Never miss an update

PUMA Canvas Leonine Men's Basket Mid Men's x HOH Leonine Round Toe Canvas Sneaker 8d6a588

Item specifics

New with box: A brand-new, unused, and unworn item (including handmade items) in the original packaging (such as ... Read moreabout the condition
Brand: PUMA
Material: Canvas Style: Fashion Sneakers
Style Number: 358463-01 US Shoe Size (Men's): Various
Never miss an update

PUMA Canvas Leonine Men's Basket Mid Men's x HOH Leonine Round Toe Canvas Sneaker 8d6a588 -

    PUMA Canvas Leonine Men's Basket Mid Men's x HOH Leonine Round Toe Canvas Sneaker 8d6a588
    PUMA Canvas Leonine Men's Basket Mid Men's x HOH Leonine Round Toe Canvas Sneaker 8d6a588
    Men's Merrell ColdPack Ice+ Moc Waterproof Slip On Shoe Brown J49821Roman Mens Shoes Slip On Pumps Real Genuine Leather Buttton Nightclub Sandals szMen's Shoes Sneakers LOTTO Leggenda S5821TokyoTarga Blu Silver Black New , Mt. Emey Men's 9704 Walking Shoe , High-end Genuine Leather Men Vintage Formal Wedding Casual Oxfords Shoes SizeMen’s rag & bone RB1 Low sneakers color Pink US Size 9.5Men's Sneakers Slip On Shoes CHANGE! ZipperM Hexagon Ardesia Shock IndemoniaNew Euro Mens Suede Leather Pointy Toe Chelsea Ankle Boot Casual High Top Shoes , Classic Britain Men Real Leather Bow Formal Casual Wedding Shoes Oxford Size , Hot Sale Mens Real Leather Buckle Decor Slip On Loafers Mules Formal Dress ShoesVintage Mens Leather Buckle High Top mid Calf Boots low heel shoes Buckle Strap , mens stylish hollow out match color summer sandals shoes oxfords round toes mesh , New Onitsuka Tiger Mexico66 slip-on TH3K0N Freeshipping!! , Cole Haan Mens 9.5 Original Grand Shortwing Oxfords Woodbury/Ivory NIB MSRP $150Mens stylish studded low heel Leather dress formal wedding shoes party Black New , New Mens High Top British Leather Pointed Toe zip Chelsea Ankle Boot Casual Shoe , Men/Women Drew Men's Walker II High quality and low overhead Settlement Price Diversified new design , Men Genuine Leather Slip On Embroidery Loafers Mules Formal Dress ShoesVlado Footwear Shoes Vince Fashion Men Black NewAUTH TODS LEATHER SLIP ON LOAFERS LIGHT BROWN PREOWNED MENS MOCCASINS CASUAL 10 , Ted Baker Hosei Oxfords-Men's size 7 TanMagnanni High Top Mid Brown Fashion Sneakers size 11 US (20675-2) Made in Spain!Cole Haan Original Grand os Woodbury Leather Men’s Sz 9 $150Vintage Mens Real Leather Slip On Driving Moccasin Loafers Deck Shoes Oxfords Sz , Men's Dansko Professional Clogs Black Oiled Leather , Mens Round Toe Europe Transparent Slip On Shoes Loafers Casual Board Shoes wi , New Caterpillar Cat Propane Mens Steel Toe Safety BootsHot Luxury Mens Gold Pearl Loafer Moccasins Velvet Slip On Wedding Vogue Shoes , Man/Woman Drew Men's Navigator II for you to choose delicate Elegant and stable packaging ,
    PUMA Canvas Leonine Men's Basket Mid Men's x HOH Leonine Round Toe Canvas Sneaker 8d6a588 ->PUMA Canvas Leonine Men's Basket Mid Men's x HOH Leonine Round Toe Canvas Sneaker 8d6a588 -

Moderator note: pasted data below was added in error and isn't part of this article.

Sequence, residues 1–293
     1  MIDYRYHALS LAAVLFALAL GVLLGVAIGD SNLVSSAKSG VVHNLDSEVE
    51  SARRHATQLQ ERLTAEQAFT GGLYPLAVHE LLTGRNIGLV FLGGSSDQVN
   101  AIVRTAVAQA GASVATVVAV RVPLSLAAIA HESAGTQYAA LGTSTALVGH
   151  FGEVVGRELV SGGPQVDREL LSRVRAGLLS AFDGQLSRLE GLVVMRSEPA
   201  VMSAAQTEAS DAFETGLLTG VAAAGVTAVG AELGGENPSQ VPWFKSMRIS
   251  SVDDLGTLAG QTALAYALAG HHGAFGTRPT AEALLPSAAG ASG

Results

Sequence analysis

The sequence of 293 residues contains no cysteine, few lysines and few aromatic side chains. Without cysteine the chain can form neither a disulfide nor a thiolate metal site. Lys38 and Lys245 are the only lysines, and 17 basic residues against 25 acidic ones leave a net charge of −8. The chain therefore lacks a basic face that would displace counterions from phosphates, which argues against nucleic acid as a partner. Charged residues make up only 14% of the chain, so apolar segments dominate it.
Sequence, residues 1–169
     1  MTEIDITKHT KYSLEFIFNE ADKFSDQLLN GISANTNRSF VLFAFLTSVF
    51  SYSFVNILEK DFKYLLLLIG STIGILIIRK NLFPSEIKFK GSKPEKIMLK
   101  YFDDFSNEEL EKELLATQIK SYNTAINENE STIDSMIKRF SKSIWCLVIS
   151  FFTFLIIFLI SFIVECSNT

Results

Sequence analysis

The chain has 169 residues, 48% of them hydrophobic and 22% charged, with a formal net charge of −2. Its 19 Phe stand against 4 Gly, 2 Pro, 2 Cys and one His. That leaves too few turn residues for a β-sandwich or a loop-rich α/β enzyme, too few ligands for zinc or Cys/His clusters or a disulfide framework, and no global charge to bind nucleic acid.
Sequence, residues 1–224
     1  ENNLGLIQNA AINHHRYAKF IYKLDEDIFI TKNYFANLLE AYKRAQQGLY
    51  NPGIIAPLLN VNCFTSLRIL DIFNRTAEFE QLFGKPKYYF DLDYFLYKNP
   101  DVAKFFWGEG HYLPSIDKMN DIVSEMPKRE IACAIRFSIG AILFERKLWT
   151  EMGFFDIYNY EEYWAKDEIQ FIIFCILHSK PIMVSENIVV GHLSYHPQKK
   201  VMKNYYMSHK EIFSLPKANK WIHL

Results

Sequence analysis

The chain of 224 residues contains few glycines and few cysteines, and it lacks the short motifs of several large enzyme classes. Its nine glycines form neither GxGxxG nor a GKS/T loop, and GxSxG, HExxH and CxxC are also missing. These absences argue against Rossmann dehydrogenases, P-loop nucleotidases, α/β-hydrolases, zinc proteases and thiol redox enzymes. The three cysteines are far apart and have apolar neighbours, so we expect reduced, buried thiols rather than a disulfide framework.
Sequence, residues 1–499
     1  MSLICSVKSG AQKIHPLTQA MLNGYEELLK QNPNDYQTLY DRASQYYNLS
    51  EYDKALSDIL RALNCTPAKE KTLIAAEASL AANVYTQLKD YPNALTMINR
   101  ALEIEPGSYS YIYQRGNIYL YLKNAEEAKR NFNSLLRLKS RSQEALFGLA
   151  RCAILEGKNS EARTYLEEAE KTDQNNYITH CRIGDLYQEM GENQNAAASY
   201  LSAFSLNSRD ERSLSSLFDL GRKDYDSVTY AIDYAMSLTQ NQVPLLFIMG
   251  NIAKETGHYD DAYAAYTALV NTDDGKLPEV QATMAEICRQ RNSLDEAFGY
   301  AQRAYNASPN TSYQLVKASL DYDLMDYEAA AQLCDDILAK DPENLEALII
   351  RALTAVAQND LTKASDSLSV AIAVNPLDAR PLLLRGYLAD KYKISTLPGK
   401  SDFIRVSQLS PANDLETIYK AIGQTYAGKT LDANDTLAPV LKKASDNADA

MERRELL TREMBLANT PULL ON POLAR WATERPROOF Boots Women's 9Pajar Womens Adrianna Boot, Black, 38 EU/7-7.5 M US , Tory Burch Teresa Brown riding boot zipper leather 8 logo gold tall worn once , Ladies Spot On Ankle Boots The Style -F5R0886 , Bare Traps Womens lainey Suede Almond Toe Ankle Cold Weather BootsAsics GEL-Quantum 360 Shift [T7E7N-9006] Women Running Shoes Black/Flash CoralNew Balance WR996HR D Wide Black White Women Running Shoes Sneakers WR996HRD , Men's/Women's Kenzo Leather Jewel-embellished Oxfords Black Platforms Exquisite (middle) workmanship Online export store King of the crowdRockport Womens Garden Court Buckled Slide 8(B)- Pick SZ/Color. , CLOUDSTEPPERS CLARKS Caddell Petal Wedge Sandals Women Sz 8.5, 9 NEW Black $95SCHUTZ Women's Karlan Wedge Sandal - Choose SZ/Color , WMNS REEBOK PLUS RUNNER WOVEN WHITE SKULL GREY BS8379 DEADSTOCK BRAND NEWNike SB Zoom Stefan Janoski Squadron Blue Silver White Sz 11 333824-407 , Men's Skechers Elite Flex Slip-On Casual Shoes Black/Black 52649 BBK$180 NEW NIKE AIR MAX Sz 12.5 FLYWIRE NEON FULL AIR FOOTBED Runnin Sneaker ShoesAdidas X NBHD Stan Smith size 8, brand new in box , NIKE KYRIE 2 EASTER Size 14 White Purple Jade 819583-105 Mens Basketball Shoes , Men's Nike Vapor Street Flyknit White Wolf Grey Shoes -Size 7.5 -AQ1763 100 -NewMen/Women Air Jordan Retro 3 True Blue Fine workmanship Known for its good quality businessNew NIKE AIR MAX GRIFFEY FURY FUSE WHITE-BLUE-CYBER SZ 10.5 ModelNike Men's Air Max 270 Black Purple Yellow Running Shoes Men's 11 AH8050 006Alden Shoes Leather Black high-end Size US10D Calfskin Vintage Men's Y08A , HUGO BOSS Size 42/9 Mens Black Leather British Flag Emboss Multi Stitch Trainers , Hush Puppies Mens Glitch Parkview OxfordW US- Pick SZ/Color. , Mark Nason Los Angeles Men's Bayshore Loafer - Choose SZ/ColorMBT 400149-22 Fitness Tone-up Health Walking Shoes Womans SZ 10.5 EUCNike Women's 10.5 Flex Supreme TR 5 Athletic Training Running Shoes Black White , NIKE AIR MAX 2017(not 2018) Men's Running Trainers Shoes Sneakers Movement , Womens genuine Leather Triple Nubuck Leather-Trimmed Mesh Sneakers Street StyleNike WMNS Air Max 2017 womens running run shoes 849560-103 Sz 8-9-9.5